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The Hammer by  Alfred J. Church


 

 

NICANOR

[339] THE complaints which Alcimus carried to the Syrian King at Antioch were eagerly listened to. Demetrius was eager, as new rulers frequently are, to reverse the policy of his predecessor. Eupator had yielded to the persistency of these obstinate Jews, but he would show them that it was he and not they who was master. A new expedition should be sent, and this pestilent rebel, who, after all, had been shown not to be invincible, should be extinguished for ever. There was some doubt as to who should be put in command; but ultimately the King's choice fell upon Nicanor, the same that had been associated with Gorgias in an earlier campaign. He had been since promoted to the exalted office of "Commander of the Elephants," and was in high favour with Demetrius.

Once more Judas found himself obliged to retire from Jerusalem, where he could not command the [340] liberty of movement that was necessary for his safety; but he remained in the neighbourhood, and watched the development of events.

Nicanor's first idea was to repeat the treachery of Bacchides, and to get Judas and his brothers into his power. A letter, written in studiously friendly terms, was sent to the Jewish captain, suggesting a conference, at which the matters in dispute might easily be settled. Judas was not likely, especially after recent experience, to fall into the trap; but nevertheless he did not refuse the invitation. He came to the conference, but he came with a strong guard, and not till he had secured such conditions as seemed to make a treacherous surprise impossible. The meeting took place. Side by side, on two chairs of state, sat the two generals, each with their armed guard within call. On either side was a barrier, beyond which no one that did not belong to the stipulated number of attendants was allowed to pass. The conversation between the two was friendly and animated. Nicanor's treacherous purpose did not prevent him from having a genuine admiration for the character and achievements of his great adversary; and the praises which he heaped upon him were perfectly sincere. But this feeling did not make him at all less anxious to get this formidable hero into his power.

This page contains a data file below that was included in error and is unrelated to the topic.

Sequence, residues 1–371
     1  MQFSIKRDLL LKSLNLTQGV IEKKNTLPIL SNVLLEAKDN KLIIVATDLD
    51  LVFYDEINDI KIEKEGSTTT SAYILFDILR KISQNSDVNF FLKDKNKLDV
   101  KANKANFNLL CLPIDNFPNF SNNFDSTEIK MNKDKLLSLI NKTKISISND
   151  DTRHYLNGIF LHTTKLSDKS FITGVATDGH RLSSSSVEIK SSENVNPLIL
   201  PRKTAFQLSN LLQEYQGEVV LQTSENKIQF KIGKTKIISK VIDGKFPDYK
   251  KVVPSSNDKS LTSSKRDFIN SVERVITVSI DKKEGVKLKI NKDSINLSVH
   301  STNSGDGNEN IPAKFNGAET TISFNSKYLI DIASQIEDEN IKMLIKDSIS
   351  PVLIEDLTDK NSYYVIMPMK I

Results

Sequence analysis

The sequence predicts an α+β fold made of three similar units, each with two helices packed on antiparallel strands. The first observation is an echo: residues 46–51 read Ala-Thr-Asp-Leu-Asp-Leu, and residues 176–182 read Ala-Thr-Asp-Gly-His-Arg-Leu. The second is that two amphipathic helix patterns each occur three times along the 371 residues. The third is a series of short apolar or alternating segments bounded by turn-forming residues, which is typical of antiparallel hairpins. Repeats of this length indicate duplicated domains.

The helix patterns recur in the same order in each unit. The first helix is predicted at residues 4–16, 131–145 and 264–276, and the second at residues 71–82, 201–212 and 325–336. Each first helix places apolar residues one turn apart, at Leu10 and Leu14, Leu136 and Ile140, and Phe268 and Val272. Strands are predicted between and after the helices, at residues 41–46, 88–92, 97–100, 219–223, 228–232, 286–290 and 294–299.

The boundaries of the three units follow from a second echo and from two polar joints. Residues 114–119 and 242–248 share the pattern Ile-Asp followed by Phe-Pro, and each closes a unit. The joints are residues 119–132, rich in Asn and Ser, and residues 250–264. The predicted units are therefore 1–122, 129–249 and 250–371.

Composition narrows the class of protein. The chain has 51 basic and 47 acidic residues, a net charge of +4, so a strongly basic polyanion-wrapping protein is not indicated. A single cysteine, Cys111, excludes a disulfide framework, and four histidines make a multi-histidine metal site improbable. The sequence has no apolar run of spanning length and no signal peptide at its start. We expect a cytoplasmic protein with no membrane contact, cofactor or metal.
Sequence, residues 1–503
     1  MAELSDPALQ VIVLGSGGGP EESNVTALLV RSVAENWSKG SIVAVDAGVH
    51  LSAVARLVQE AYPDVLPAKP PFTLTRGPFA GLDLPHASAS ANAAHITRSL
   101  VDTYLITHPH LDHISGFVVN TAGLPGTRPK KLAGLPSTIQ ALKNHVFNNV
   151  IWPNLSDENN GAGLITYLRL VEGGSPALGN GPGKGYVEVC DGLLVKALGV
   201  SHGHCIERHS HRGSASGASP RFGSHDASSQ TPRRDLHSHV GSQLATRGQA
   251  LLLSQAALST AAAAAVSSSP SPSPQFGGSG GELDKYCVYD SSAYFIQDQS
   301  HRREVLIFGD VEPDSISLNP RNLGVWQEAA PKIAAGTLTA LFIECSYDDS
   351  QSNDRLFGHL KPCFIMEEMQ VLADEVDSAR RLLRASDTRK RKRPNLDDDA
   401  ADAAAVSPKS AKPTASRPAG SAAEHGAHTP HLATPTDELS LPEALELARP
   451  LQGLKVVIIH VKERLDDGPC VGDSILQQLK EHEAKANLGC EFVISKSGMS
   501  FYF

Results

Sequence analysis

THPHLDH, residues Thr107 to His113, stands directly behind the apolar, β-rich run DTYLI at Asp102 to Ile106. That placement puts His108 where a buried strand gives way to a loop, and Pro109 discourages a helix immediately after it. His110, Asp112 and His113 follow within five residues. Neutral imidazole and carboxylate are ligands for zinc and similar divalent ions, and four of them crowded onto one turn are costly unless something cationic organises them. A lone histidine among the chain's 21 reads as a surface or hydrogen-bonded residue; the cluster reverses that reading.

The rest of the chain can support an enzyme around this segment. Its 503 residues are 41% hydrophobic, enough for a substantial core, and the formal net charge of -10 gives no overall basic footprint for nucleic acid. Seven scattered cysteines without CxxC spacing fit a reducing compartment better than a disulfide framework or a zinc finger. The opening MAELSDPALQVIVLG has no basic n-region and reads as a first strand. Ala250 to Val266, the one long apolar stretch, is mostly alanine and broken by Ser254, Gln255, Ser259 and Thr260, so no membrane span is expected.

Negotiations had not proceeded very far, in fact had not got beyond the initial stage, when a pre- [341] concerted signal warned Judas that there was danger at hand. Self-possessed as ever, he showed no sign of having penetrated his companion's intention. A point of some importance was raised by Nicanor, and Judas intimated that he could not deal with it until he had consulted his council. Rising from his seat, without allowing the least indication of disturbance to be seen in his manner, he bade the Greek general a courteous farewell, rejoined his guard, and was soon out of the reach of danger. But when he was again among his friends, he did not conceal his feelings. "He is a false liar," he said, "and, so long as he lives, I will see his face again no more." The words were to have a singularly close fulfilment.

Nicanor, finding his attempted fraud unsuccessful, resolved to try force. He marched against Judas, who, for military reasons, had retired as far as Samaria, and gave him battle at Capharsalama. But the plans of Nicanor were conceived with more haste than prudence. He delivered his attack under unfavourable conditions, and received a crushing defeat in which he lost fully five thousand men.

Thus baffled for a second time, he returned to Jerusalem in a frenzy of rage. On the day after his arrival he went, followed by an armed guard, to the Temple, and forced his way into the Great Court. It was the time of the morning sacrifice, and the trembling priests came down from the altar to salute him.

[342] "Rebels," he cried, "you are praying to your God that the enemies of the King may prosper."

"Not so, my lord," said the presiding priest, "we have but this moment offered the customary sacrifice for the health and welfare of the most excellent Demetrius."